4.
World Health Organization. Laboratory Testing for Coronavirus Disease 2019 (COVID-19)in Suspected Human cases: Interim Guidance; 02 March, 2020.  Back to cited text no. 4
    
5.
Guidance for Pathology Testing Prioritisation v1.1 Final. Instituteof Biomedical Science n.d. available from: https://www.ibms.org/resources/documents/guidance--for-pathology-testing-prioritisation-v10-final/. [Last accessed on 2020 May 31]  Back to cited text no. 5
    
6.
Tan SS, Yan B, Saw S, et al. Practical laboratory considerations amidst the COVID-19 outbreak: early experience from Singapore [published online ahead of print, 2020 Mar 20]. J Clin Pathol. 2020;jclinpath-2020-206563.  Back to cited text no. 6
    
7.
Meng L, Hua F, Bian Z. Coronavirus Disease 2019 (COVID-19): Emerging and Future Challenges for Dental and Oral Medicine. J Dent Res. 2020;99(5):481-487.  Back to cited text no. 7
    
8.
Darnell ME, Subbarao K, Feinstone SM, Taylor DR. Inactivation of the coronavirus that induces severe acute respiratory syndrome, SARS-CoV. J Virol Methods. 2004;121:85-91.  Back to cited text no. 8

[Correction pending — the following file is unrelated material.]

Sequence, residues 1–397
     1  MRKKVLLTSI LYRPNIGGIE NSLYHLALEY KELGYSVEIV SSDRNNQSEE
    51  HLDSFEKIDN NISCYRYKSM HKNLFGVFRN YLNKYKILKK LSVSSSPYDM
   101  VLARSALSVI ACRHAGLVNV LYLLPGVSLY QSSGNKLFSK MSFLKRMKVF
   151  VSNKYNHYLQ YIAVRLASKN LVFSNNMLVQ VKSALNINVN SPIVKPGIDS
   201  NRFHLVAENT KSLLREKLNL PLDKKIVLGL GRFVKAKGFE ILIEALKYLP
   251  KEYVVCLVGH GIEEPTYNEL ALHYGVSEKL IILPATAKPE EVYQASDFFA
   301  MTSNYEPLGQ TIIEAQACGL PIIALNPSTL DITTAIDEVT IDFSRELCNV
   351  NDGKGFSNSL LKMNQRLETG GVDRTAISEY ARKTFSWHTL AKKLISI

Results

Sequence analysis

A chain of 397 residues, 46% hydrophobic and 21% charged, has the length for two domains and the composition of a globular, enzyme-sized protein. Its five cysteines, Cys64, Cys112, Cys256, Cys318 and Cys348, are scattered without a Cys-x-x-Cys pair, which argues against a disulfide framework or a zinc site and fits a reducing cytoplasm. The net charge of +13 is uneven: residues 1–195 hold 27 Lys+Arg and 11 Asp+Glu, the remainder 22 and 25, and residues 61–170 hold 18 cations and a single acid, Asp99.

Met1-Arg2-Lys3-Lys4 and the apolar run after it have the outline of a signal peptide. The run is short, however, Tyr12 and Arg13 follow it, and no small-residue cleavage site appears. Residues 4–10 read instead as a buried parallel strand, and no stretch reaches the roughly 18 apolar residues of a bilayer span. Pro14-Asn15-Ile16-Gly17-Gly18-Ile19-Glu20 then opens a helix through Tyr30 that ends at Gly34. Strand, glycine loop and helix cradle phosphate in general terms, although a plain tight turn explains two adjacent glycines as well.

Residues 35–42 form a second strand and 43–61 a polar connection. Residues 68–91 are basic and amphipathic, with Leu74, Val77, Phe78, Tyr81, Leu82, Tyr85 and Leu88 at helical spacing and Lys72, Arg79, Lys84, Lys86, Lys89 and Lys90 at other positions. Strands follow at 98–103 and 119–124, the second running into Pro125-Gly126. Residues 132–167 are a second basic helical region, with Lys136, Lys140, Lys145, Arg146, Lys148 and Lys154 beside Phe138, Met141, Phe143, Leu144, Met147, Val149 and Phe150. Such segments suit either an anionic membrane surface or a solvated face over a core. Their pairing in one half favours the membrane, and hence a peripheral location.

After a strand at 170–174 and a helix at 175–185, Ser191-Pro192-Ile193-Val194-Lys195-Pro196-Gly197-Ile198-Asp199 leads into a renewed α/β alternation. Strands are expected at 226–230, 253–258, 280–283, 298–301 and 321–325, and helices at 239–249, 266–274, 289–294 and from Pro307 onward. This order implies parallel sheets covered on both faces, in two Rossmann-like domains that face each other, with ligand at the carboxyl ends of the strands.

9.
Stability of SARS Coronavirus in Human Specimens and Environment and Its Sensitivity to Heating and UV Irradiation n.d. Available from: https://pubmed.ncbi.nlm.nih.gov/14631830/. [Last accessed on 2020 May 22].  Back to cited text no. 9
    
10.
Compérat E. What Does COVID-19 Mean for the Pathology-Urology Interaction?. Eur Urol. 2020;78:e43-e44.  Back to cited text no. 10
    
11.
Odega K. Safe Laboratory Practices in the Light of Covid-19 Pandemic: Way Forward in a Resource Limited Setting; 2020.  Back to cited text no. 11
    
12.
Pambuccian SE. The COVID-19 pandemic: Implications for the cytology laboratory. J Am Soc Cytopathol 2020;9:202-11.  Back to cited text no. 12
    
13.
Srinivasan R, Gupta P, Rekhi B, Deb P, Nijhawan VS, Prasoon D, et al. Indian academy of cytologists national guidelines for cytopathology laboratories for handling suspected and positive COVID-19 (SARS-COV-2) patient samples. J Cytol 2020;37:67.  Back to cited text no. 13
  [Full text]  
14.
SARS Guidance Lab Biosafety for Handling and Processing Specimens CDC; 2019. Available from: https://www.cdc.gov/sars/guidance/f-lab/app5.html. [Last accessed on 2020 May 28].  Back to cited text no. 14